Hyeseoung Kwon's Freia was a wonderful fragile little bird-like piece of tradable garbage in a gold lamé dress echoing the plundered rivers of gold, which, and you'll never capture this in a still, had filled the whole stage in shimmering brilliance. It was, I emphasise, quite brutal. Shocking. Raw. Horrible. And no special effects, and that's why.

The evening was effectively hosted by the spivvy Loge of Richard Berkeley-Steele (he goes with she who saves, in a week) until brought to a complete and gob smacking standstill by Deborah Humble's stunning Erda, she who sees nothing and knows all, singing with tremendous authority and depth, while chilling the spine as she ran her hand across Wotan's face.

The acoustics were good. Armfield gets his singers downstage. They sing to us engaging us as the other party. It is powerful and immediate.

After a cautious start, the orchestral sound seemed to grow in confidence and somewhere in Nibelheim seemed to find itself. Details are good while body and fullness (hello strings) will develop, one hopes, The alarmingly boyish Pietari Inkinen knows what he's doing.

And as everyone now knows I'm sure, the bridge to Valhalla was a gorgeous campy rainbow of Marilyn show girls, a superficial dazzling allure, luring the weak to nothing but their own destruction.

And that's just the prologue. As she said - fasten your seat belts.

Monday, November 18, 2013

Sunday, November 17, 2013


Southern New South Wales

(UFO = lid on coffee)


Last night was his last as Chief Conductor. We met by chance (well, the waiter had something to do with it) and shook hands. The generosity of spirit is immense.

Entirely not my thoughts, but my thoughts entirely.

Monday, November 11, 2013



November 11 today. Paul Keating has just delivered his address at the Canberra War Memorial in the presence of the usual, and not so usual, distinguished guests.

The day the Armistice was signed was the day Wilfred Owen's family was informed he had been killed just a week before, having returned to the front line in what seems a difficult to comprehend action for the poet pacifist unless it were to imitate, as has been suggested, his beloved friend and mentor Siegfried Sassoon whom he had met at Craiglockhart War Hospital, Edinburgh and with whom he developed a relationship that went well beyond literary mentoring and into the depths, or heights, of devotion.

    (Sassoon - Owen)

Sassoon was vehemently against Owen's return to service, and Owen's farewell came in a letter written after he had left for France. He was shot trying to cross the canal in the tiny village of Ors in northern France, and where he is buried

Two years after the war, after her son's death, his mother wrote this heart wrenching letter to the great Indian Nobel Laureate Rabindranath Tagore when he was in London:

"I have been trying to find courage to write to you ever since I heard that you were in London ~ but the desire to tell you something is finding its way into this letter today. The letter may never reach you, for I do not know how to address it, tho’ I feel sure your name upon the envelope will be sufficient. It is nearly two years ago, that my dear eldest son went out to the War for the last time and the day he said goodbye to me ~ we were looking together across the sun-glorified sea ~ looking towards France, with breaking hearts ~ when he, my poet son, said those wonderful words of yours ~ beginning at ‘When I go from hence, let this be my parting word’ ~ and when his pocket book came back to me ~ I found these words written in his dear writing ~ with your name beneath."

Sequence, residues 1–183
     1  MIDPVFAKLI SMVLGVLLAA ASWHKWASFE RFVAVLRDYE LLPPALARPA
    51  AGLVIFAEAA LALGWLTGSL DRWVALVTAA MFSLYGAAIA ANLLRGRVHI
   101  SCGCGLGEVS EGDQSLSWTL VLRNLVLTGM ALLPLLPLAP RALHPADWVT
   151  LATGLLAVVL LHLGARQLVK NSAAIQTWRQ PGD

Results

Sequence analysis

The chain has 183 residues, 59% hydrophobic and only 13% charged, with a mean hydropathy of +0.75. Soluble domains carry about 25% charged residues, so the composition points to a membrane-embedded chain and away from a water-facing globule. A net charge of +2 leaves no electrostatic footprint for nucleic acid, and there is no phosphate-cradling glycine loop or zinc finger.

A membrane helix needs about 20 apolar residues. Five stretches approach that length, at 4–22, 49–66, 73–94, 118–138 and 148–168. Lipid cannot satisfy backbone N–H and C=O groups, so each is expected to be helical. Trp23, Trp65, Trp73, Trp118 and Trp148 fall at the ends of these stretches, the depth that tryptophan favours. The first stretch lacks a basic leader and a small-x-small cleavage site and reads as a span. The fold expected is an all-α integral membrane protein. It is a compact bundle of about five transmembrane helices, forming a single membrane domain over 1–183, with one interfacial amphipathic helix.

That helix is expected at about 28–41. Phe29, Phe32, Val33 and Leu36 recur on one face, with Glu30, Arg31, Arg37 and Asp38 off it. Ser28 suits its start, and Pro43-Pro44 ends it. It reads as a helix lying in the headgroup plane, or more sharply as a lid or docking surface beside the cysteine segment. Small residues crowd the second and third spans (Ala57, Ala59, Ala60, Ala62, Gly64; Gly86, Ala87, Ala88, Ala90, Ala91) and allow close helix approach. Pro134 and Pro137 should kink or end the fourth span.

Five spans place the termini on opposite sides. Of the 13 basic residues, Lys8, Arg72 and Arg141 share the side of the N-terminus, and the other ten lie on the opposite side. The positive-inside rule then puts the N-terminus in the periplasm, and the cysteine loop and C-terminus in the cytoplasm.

When I go from hence let this be my parting word,
that what I have seen is unsurpassable.
         I have tasted of the hidden honey of this lotus
         that expands on the ocean of light, and thus am I
         blessed--let this be my parting word.

         In this playhouse of infinite forms I have had my
         play and here have I caught sight of him that is

         My whole body and my limbs have thrilled with his
         touch who is beyond touch; and if the end comes
         here, let it come--let this be my parting word.  (Tagore)

                                                            (Tagore and Einstein - the eyes!)

Owen's legacy is his beautiful (if truth be beauty) poems of pacifism and forgiveness (if forgiveness be understanding). And so it was with these well in mind and the extra insights of a two hour workshop and a dress rehearsal, that I, along with many others, was brought to tears last Friday (8th, and again the next night) by Vladimir Ashkenazy in his penultimate appearance as Chief Conductor with the Sydney Symphony Orchestra, delivering a powerful and hugely emotional performance of Britten's War Requiem to an overwhelmed, silent and ultimately enormously appreciative Sydney audience.

Mr Ashkenazy had assembled a tremendous team - more than 300 on stage - his great orchestra surely feeling  the importance of this occassion, the simply stunning Sydney Philharmonia Choir of more than 208 choristers in full flight, the gorgeous Sydney Childen's Choir of Angels, and three soloists whom I doubt will be surpassed in my time waiting for when I go hence. I am still at the stage where I don't want to hear this again for a very long time, if ever. I get like that. I commend strongly David Garrett's notes in the programme, here (pdf) for anyone interested in the brilliantly layered work, and for my own return, as is all this stuff.